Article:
So how about "Native American Post Equinox Weather Phenomenon"?
For years The Chicago Tribune published this John T. McCutcheon illustration annually. It was part of Americana, tradition and as apple pie as anything Norman Rockwell painted. I have published it here before skipping a year or two. Just hanging on to the past I guess.
Injun Summer always takes me back to my childhood. It was then that this illustration captivated me. I wanted to draw like that. Just looking at it I can smell the leaves burning in the acrid, decaying autumn evening air. After school we played football in a nearby field with that same sky in the background, that same smell in the air and the early evening darkness eventually chasing us home for dinner.
By definition Injun Summer is the first warm spell following the first frost. The frost came and went last week surrendering to a warm trend this week with temperatures in the 70's.
The text for that illustration also written by John T. McCutcheon follows….
Injun Summer Yep, sonny, this is sure enough Injun summer. Don't know what that is, I reckon, do you?
Well, that's when all the homesick Injuns come back to play. You know, a long time ago, long afore yer granddaddy was born even, there used to be heaps of Injuns around here thousands millions, I reckon, far as that's concerned. Reg'lar sure 'nough Injuns none o' yer cigar store Injuns, not much. They wuz all around here right here where you're standin'.
Don't be skeered hain't none around here now, leastways no live ones. They been gone this many a year.
They all went away and died, so they ain't no more left.
But every year, 'long about now, they all come back, leastways, their sperrits do. They're here now. You can see 'em off across the fields. Look real hard. See that kind o' hazy, misty look out yonder?
Well, them's Injuns Injun sperrits marchin' along an dancin' in the sunlight. That's what makes that kind o' haze that's everywhere it's jest the sperrits of the Injuns all come back. They're all around us now.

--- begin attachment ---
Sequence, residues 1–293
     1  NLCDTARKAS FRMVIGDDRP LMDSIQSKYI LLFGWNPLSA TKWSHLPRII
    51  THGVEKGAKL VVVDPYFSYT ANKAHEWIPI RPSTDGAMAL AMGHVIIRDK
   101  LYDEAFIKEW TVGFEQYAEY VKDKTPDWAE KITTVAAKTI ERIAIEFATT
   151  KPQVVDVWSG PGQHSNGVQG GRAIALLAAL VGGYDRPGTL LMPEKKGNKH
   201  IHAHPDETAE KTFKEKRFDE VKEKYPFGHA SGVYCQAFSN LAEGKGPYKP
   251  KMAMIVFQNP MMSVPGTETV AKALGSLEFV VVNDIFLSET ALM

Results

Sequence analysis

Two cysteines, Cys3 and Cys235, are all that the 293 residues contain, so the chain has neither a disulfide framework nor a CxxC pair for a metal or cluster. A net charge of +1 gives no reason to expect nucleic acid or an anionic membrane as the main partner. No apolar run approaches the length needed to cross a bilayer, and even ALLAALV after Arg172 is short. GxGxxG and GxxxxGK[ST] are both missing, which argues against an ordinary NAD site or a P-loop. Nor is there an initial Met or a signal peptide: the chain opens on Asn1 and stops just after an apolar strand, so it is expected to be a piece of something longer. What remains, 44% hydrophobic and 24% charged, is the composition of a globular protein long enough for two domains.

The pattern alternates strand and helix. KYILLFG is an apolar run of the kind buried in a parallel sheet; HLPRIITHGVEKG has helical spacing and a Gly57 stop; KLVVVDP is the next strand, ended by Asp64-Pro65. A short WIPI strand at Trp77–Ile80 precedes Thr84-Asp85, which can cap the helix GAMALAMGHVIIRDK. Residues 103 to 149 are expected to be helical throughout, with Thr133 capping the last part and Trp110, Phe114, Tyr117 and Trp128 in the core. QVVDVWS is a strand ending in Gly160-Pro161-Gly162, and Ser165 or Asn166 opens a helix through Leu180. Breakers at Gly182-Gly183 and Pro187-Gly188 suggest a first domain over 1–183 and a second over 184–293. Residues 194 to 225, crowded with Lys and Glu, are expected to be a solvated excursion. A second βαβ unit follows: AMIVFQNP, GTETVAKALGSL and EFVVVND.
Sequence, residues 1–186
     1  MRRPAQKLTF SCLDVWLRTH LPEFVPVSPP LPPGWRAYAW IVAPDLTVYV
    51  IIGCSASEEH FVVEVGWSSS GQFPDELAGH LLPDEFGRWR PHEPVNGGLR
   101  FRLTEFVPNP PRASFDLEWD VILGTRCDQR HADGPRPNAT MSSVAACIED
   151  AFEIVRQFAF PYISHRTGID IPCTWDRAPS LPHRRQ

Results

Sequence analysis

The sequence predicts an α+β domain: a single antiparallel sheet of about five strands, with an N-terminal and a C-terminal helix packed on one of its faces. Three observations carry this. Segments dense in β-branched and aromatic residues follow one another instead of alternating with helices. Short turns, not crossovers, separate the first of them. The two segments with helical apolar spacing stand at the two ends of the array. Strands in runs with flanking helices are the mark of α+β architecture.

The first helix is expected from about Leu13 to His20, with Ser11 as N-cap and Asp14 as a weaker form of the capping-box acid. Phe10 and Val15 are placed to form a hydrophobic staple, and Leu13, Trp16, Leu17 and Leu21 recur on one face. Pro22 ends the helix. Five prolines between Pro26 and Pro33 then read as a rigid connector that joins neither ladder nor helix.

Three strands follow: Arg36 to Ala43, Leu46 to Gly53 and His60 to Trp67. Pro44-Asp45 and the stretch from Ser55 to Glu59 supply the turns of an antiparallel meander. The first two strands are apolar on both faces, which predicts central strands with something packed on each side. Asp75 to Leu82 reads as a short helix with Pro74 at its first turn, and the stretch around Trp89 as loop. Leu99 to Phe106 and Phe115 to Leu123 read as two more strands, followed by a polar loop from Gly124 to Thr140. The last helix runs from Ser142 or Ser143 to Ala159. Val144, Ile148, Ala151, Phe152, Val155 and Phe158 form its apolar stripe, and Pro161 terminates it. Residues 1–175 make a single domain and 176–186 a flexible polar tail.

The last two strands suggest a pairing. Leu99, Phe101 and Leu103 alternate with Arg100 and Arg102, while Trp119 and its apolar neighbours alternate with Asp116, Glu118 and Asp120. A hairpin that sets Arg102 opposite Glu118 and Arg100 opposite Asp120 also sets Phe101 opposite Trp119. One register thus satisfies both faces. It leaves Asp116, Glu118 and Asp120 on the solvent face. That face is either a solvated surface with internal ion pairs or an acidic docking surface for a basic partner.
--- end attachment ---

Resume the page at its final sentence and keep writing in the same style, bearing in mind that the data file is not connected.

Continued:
See off yonder, see them tepees? They kind o' look like corn shocks from here, but them's Injun tents, sure as you're a foot high. See 'em now? Sure, I knowed you could. Smell that smoky sort o' smell in the air? That's the campfires aburnin' and their pipes a-goin'.
Lots o' people say it's just leaves burnin', but it ain't. It's the campfires, an' th' Injuns are hoppin' 'round 'em t' beat the old Harry.
You jest come out here tonight when the moon is hangin' over the hill off yonder an' the harvest fields is all swimmin' in the moonlight, an' you can see the Injuns and the tepees jest as plain as kin be. You can, eh? I knowed you would after a little while.
'Jever notice how the leaves turn red 'bout this time of year?
That's jest another sign o' redskins. That's when an old Injun sperrit gets tired dancin' an goes up an' squats on a leaf t' rest. Why I kin hear 'em rustlin' and whisperin' an' creepin' 'round among the leaves all the time; an' ever' once'n a while a leaf gives way under some fat old Injun ghost and comes floatin' down to the ground. See here's one now. See how red it is? That's the war paint rubbed off'n an Injun ghost, sure's you're born.
Purty soon all the Injuns'll go marchin' away agin, back to the happy huntin' ground, but next year you'll see 'em troopin' back th' sky jest hazy with 'em and their campfires smolderin' away just like they are now.